In its broader sense, Babine refers to the Athabascan indigenous peoples who speak the Babine dialect of the Babine-Witsuwit'en language in the vicinity of the Babine River, Babine Lake, Trembleur Lake, and Takla Lake in the central interior of British Columbia, Canada.
The Stuart River or Nak'alkoh is one of the largest tributaries of the Nechako River in northeastern British Columbia, Canada. The Nechako is in turn one the more important tributaries of the Fraser River. The Stuart River flows 187 kilometres (116 mi) from Stuart Lake to its junction with the Nechako River. The river drains a portion of the Nechako Plateau—a gently-rolling region characterized by small lakes and tributaries. Low but impressive ridges interact with the river, creating high bluffs and hoodoos.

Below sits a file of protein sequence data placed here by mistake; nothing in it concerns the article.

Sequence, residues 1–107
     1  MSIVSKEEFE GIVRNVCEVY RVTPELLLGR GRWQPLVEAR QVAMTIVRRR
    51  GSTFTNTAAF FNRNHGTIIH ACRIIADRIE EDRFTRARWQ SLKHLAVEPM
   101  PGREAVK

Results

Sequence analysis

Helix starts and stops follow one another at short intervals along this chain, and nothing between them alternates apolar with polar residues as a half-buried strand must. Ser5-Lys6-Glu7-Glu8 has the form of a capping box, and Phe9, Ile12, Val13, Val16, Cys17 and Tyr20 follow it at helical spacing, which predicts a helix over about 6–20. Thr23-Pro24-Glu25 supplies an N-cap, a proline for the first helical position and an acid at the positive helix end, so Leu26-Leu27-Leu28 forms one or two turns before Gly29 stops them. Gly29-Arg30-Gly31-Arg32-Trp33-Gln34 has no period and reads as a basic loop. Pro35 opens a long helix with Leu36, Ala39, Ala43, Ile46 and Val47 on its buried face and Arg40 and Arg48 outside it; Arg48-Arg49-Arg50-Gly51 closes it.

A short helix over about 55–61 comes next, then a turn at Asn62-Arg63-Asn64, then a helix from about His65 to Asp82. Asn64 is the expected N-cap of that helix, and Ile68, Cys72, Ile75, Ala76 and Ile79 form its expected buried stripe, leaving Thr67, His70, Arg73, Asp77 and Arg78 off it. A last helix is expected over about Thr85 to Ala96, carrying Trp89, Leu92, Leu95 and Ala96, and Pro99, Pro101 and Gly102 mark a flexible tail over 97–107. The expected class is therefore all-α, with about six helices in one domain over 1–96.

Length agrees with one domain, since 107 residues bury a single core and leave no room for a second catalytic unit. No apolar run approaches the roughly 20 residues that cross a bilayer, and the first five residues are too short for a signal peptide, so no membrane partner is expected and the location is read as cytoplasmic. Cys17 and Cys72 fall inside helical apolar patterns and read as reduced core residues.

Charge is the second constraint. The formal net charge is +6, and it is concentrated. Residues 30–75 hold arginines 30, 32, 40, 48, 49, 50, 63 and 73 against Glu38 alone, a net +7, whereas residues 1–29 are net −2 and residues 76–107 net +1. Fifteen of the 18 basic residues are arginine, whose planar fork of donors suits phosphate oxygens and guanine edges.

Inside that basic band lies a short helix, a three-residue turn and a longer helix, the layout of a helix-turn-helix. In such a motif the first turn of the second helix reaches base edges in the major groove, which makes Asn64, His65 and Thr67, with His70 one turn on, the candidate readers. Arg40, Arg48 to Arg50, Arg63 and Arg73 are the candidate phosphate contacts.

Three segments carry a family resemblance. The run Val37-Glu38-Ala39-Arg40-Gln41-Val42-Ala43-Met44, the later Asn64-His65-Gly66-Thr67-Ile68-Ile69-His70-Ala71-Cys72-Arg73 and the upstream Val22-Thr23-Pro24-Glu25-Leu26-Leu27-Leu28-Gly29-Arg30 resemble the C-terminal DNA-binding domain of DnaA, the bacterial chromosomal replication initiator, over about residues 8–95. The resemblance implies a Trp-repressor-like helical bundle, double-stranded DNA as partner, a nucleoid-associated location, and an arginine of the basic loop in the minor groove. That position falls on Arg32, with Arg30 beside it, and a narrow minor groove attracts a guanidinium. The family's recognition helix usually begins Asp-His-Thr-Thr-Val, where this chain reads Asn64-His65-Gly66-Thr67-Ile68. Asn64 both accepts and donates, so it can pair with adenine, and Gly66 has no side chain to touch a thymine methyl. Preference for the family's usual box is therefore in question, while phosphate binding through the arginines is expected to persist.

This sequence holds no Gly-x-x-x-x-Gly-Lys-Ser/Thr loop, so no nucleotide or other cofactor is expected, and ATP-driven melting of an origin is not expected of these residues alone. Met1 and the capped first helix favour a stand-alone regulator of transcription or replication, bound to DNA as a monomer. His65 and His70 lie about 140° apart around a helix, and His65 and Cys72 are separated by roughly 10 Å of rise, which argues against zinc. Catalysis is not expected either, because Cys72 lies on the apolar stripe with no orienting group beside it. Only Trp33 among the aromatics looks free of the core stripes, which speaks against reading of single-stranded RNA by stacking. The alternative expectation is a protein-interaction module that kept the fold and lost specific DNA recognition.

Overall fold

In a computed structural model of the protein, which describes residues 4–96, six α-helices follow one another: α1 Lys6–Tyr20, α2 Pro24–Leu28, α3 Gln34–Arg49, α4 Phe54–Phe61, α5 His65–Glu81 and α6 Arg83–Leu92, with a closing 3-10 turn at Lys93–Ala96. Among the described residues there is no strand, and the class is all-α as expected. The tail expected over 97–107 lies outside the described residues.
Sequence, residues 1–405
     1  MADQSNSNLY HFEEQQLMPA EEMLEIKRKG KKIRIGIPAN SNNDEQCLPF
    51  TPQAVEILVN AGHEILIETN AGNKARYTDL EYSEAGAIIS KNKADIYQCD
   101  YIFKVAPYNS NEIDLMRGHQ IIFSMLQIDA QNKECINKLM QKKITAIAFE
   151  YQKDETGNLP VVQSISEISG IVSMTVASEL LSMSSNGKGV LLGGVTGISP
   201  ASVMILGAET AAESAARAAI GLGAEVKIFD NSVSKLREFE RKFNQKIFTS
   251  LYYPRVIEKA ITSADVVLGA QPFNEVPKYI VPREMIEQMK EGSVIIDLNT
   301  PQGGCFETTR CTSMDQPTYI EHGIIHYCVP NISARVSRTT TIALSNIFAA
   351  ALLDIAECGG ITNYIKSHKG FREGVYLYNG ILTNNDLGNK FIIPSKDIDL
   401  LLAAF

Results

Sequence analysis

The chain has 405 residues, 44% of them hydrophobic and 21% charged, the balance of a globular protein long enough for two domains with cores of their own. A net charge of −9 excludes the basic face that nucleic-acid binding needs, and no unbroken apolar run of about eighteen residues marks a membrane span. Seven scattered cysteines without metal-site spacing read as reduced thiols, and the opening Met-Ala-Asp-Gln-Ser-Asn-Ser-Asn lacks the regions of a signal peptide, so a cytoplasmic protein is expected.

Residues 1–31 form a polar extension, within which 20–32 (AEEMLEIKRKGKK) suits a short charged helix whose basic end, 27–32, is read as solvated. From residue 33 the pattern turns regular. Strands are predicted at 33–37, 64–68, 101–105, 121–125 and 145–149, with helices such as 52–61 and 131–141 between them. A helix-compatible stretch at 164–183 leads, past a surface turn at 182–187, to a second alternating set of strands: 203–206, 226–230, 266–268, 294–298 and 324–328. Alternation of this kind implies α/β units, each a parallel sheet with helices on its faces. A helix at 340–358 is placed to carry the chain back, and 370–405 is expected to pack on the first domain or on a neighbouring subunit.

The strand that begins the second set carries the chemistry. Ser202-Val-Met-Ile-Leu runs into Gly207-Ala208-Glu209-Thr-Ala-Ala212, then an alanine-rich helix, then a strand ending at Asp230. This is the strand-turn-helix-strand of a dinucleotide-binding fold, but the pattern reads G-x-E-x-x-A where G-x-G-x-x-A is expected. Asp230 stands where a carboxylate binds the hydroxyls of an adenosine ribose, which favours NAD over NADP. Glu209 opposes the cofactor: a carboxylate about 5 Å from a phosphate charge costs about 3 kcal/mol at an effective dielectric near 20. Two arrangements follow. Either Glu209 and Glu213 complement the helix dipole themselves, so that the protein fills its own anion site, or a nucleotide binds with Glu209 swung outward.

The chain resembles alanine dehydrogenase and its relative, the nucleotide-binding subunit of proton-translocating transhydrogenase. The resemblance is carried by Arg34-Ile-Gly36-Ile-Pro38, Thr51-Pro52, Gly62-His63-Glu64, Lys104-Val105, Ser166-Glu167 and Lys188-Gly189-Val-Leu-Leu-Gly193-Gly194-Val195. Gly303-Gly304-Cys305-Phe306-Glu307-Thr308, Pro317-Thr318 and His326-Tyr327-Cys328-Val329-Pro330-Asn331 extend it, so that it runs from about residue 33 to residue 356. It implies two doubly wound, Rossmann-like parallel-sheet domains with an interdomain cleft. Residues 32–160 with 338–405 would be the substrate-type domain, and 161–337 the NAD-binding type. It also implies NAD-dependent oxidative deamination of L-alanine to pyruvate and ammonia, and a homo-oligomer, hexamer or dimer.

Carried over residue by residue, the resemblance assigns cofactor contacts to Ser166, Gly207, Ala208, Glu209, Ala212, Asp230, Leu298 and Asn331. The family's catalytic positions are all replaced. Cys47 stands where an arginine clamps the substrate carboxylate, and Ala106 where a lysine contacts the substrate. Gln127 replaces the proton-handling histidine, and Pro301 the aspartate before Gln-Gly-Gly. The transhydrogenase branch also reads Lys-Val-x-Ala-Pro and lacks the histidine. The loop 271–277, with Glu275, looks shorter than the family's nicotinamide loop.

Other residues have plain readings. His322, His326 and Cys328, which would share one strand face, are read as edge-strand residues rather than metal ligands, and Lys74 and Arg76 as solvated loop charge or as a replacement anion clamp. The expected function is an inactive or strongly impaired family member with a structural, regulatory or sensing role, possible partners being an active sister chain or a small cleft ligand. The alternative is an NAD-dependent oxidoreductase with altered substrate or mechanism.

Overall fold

Edward John is a prominent First Nations political leader in Canada.
Babine–Witsuwitʼen or Nadotʼen-Wetʼsuwetʼen is an Athabaskan language spoken in the Central Interior of British Columbia. Its closest relative is Carrier. Because of this linguistic relationship together with political and cultural ties, Babine–Witsuwitʼen is often referred to as Northern Carrier or Western Carrier. Specialist opinion is, however, that it should be considered a separate, though related, language.
The Carrier Sekani Tribal Council is a tribal council representing six First Nations in the Central Interior of British Columbia. It was originally known as the Lakes District Tribal Council. The CSTC was incorporated in 1981 and is a registered non-profit society.
Yekooche First Nation is based 75 kilometers northwest of Fort St. James, British Columbia at the north end of Stuart Lake on Yekooche reserves. It is known in English as Portage due to its location along the portage route between Babine Lake and Stuart Lake.